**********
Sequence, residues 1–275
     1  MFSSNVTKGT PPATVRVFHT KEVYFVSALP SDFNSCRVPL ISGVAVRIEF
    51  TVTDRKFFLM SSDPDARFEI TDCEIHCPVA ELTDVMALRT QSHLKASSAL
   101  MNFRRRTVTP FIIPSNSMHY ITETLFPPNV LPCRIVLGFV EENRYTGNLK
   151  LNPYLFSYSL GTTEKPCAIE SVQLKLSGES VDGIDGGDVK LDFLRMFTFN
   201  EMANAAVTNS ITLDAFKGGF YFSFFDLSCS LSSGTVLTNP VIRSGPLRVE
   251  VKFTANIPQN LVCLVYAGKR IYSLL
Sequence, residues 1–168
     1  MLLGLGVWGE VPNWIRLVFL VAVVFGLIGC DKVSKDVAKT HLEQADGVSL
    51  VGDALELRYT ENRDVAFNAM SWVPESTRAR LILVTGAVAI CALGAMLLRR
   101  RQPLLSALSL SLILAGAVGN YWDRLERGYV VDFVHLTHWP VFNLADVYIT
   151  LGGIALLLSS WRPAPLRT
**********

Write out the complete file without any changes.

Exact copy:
Sequence, residues 1–275
     1  MFSSNVTKGT PPATVRVFHT KEVYFVSALP SDFNSCRVPL ISGVAVRIEF
    51  TVTDRKFFLM SSDPDARFEI TDCEIHCPVA ELTDVMALRT QSHLKASSAL
   101  MNFRRRTVTP FIIPSNSMHY ITETLFPPNV LPCRIVLGFV EENRYTGNLK
   151  LNPYLFSYSL GTTEKPCAIE SVQLKLSGES VDGIDGGDVK LDFLRMFTFN
   201  EMANAAVTNS ITLDAFKGGF YFSFFDLSCS LSSGTVLTNP VIRSGPLRVE
   251  VKFTANIPQN LVCLVYAGKR IYSLL
Sequence, residues 1–168
     1  MLLGLGVWGE VPNWIRLVFL VAVVFGLIGC DKVSKDVAKT HLEQADGVSL
    51  VGDALELRYT ENRDVAFNAM SWVPESTRAR LILVTGAVAI CALGAMLLRR
   101  RQPLLSALSL SLILAGAVGN YWDRLERGYV VDFVHLTHWP VFNLADVYIT
   151  LGGIALLLSS WRPAPLRT